Longtime readers and my local friends will remember the ‘Push It’ debacle from earlier this year. Long story short, I was pressured to estimate the time it would take me to complete a century ride. I overestimated myself, underestimated the route, and qualified my response with ‘if I push it.’ They ran with that as a theme for a larger feature of the paper. That weekend was bedlam. I heard from a lot of people, including some reputable cyclists I had never met before.

The last one was more recent, and I haven’t discussed it on the blog yet. While I was out in Colorado, I heard from a reporter doing a story for Smoky Mountain News on the Blue Ridge Breakaway. It was my ride of the year for 2011, and I gave an enthusiastic review. It is probably still my favorite ride to date.

I spoke with the reporter for maybe 30 minutes early in the morning from Colorado. Most of the interview went well. He had some interesting questions about the ride and cycling in general. There was the obligatory ‘why?’ question, which I have noticed is commonplace from non-cyclists.

He caught me off guard towards the end of the interview. He asked what I think about while I’m climbing up a big hill (I touched on this in my Loveland Pass write-up). That stumped me, as I hadn’t really given a lot of thought (ha!) to what I think about. Usually I just go with it.

After returning from Colorado, I discussed the question with someone I know who practices transcendent meditation. He said that cycling is a form of meditation, but the journalist was correct that it is rare to obtain a complete state of peace while on the bike. Many people will achieve it once or twice, then continue pushing themselves to try and achieve it again. Some of them never will. Realistically, I probably have not reached this point. There have been many times that, due to pure exhaustion, my thoughts have slowed and I have focused intently on the task at hand. Being hyper-focused on completing the task is not the same as meditative bliss.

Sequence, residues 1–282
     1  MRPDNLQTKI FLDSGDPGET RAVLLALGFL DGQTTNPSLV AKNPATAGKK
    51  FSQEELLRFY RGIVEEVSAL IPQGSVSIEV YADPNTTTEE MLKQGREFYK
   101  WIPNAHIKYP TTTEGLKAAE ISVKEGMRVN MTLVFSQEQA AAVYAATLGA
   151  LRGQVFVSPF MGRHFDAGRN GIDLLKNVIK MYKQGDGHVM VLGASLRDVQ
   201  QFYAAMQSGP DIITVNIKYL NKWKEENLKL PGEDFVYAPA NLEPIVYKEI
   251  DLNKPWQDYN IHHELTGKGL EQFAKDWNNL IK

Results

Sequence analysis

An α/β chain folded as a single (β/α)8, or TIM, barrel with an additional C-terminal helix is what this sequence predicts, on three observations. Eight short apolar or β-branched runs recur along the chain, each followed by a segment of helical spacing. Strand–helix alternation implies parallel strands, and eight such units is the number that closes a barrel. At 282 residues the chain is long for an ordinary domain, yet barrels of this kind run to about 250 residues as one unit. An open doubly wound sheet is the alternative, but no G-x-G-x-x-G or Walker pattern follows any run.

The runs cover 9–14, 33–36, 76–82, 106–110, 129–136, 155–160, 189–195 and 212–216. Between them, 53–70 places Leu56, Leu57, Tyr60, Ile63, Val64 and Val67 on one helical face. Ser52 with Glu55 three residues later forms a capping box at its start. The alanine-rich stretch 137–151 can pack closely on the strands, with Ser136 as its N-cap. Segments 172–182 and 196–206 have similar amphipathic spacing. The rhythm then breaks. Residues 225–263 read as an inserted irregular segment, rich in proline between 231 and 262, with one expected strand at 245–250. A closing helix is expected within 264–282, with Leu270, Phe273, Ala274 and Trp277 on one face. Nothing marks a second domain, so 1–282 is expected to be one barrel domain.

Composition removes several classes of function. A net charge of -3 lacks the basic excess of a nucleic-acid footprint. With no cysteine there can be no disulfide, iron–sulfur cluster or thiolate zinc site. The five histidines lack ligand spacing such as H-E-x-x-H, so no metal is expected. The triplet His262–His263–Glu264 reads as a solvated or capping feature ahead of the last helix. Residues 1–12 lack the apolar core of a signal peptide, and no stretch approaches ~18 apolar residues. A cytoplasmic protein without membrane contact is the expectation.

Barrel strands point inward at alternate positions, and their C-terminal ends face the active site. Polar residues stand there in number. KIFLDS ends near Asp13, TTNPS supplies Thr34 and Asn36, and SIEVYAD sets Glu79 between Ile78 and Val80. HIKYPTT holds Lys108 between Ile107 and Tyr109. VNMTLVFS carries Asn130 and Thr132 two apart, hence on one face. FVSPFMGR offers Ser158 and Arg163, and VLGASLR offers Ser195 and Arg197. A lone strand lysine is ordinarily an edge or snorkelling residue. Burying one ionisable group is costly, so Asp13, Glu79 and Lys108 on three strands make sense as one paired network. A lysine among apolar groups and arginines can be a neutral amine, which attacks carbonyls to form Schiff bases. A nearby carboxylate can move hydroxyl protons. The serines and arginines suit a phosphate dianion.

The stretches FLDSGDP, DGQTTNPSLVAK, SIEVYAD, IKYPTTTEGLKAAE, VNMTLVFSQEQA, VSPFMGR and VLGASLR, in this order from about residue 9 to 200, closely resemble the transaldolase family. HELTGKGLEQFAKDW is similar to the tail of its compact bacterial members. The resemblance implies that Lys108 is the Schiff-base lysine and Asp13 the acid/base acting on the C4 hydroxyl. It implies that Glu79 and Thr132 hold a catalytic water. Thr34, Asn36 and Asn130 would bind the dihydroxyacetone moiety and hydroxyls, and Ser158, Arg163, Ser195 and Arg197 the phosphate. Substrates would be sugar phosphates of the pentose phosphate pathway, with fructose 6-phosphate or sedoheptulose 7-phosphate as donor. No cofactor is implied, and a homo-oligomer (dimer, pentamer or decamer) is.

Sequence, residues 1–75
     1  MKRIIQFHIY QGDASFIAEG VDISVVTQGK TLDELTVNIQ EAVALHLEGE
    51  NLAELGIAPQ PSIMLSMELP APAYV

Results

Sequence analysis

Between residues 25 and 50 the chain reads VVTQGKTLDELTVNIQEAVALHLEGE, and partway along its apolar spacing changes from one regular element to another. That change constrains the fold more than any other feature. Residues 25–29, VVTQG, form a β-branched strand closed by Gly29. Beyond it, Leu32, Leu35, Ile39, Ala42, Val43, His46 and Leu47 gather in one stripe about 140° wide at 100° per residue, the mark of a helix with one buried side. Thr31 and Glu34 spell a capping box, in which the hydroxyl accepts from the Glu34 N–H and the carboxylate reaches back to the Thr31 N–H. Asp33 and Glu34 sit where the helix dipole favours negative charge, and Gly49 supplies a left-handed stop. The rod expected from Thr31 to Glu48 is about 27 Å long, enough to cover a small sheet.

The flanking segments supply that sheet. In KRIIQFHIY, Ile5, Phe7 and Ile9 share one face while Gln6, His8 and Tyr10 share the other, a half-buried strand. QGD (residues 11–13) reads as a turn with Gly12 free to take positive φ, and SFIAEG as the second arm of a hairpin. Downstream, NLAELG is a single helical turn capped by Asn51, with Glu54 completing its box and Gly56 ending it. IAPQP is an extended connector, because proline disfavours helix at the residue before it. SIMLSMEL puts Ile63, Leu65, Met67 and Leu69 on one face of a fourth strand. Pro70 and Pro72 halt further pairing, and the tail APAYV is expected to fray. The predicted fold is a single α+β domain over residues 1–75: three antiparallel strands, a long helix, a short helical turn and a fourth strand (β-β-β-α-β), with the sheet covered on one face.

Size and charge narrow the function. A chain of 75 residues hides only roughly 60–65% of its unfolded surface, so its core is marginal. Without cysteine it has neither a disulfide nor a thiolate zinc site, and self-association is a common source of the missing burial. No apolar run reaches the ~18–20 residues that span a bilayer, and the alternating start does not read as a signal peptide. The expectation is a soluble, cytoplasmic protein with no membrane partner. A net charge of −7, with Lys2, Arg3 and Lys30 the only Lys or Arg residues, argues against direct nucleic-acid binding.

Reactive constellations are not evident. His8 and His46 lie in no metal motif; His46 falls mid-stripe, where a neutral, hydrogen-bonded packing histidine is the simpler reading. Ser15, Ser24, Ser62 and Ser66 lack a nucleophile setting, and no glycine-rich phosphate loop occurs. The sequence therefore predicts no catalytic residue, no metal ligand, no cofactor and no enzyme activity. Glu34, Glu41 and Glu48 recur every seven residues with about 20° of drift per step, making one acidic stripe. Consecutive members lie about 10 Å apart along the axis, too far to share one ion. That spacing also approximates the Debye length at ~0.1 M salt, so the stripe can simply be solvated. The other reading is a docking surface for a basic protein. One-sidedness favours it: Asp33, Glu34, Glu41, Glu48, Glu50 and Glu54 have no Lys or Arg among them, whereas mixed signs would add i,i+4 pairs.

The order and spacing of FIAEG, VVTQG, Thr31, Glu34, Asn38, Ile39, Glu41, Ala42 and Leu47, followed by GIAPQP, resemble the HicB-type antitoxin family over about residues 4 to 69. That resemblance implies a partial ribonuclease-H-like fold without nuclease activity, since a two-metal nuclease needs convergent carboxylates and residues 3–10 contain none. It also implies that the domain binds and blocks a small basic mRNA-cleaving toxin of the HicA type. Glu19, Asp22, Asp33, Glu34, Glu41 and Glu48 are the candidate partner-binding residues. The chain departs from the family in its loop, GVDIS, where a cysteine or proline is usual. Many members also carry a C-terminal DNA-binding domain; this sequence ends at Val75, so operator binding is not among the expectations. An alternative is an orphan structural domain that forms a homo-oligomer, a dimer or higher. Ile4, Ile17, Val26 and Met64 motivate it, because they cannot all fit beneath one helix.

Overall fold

Overall I was happy with the piece. After all, he called me an influential blogger. I don’t know about all that, but thanks! He also interviewed BRB’s route director Cecil Yount, as well as Laura and Russ from The Path Less Pedaled. I made a couple errors, including playfully exaggerating something for emphasis, which he quoted verbatim (from the article: “One girl spent about 20 minutes on the ground after she was finished because she was so tired.”).

This upcoming piece in Blue Ridge Outdoors Magazine should be the biggest exposure yet. They have a readership of around 250,000, mostly concentrated in the Southeast USA. The magazine is free, and primarily aimed at tourists. I have been reading it over the last few months, and have been impressed. They usually tackle an activity every month, and give an overview of where in the Southeast you can enjoy that activity. For example, the August issue was about swimming, so they listed the best watering holes in the Southeast.

The September issue is going to be about road cycling. The piece where I’ll be quoted is about the toughest mountain centuries in the Southeast. Their editors had chosen six rides that were evenly spread throughout their readership. I had only ridden in two or three, but I knew about the others. I also suggested some rides that they had not mentioned, which should be part of a sidebar.

Fortunately I did not put my foot in my mouth this time. At least I don’t think I did. We’ll know for sure when it is released. Despite my participation, it sounds like it’ll be a useful article. I’ll post the web link on Twitter and Facebook.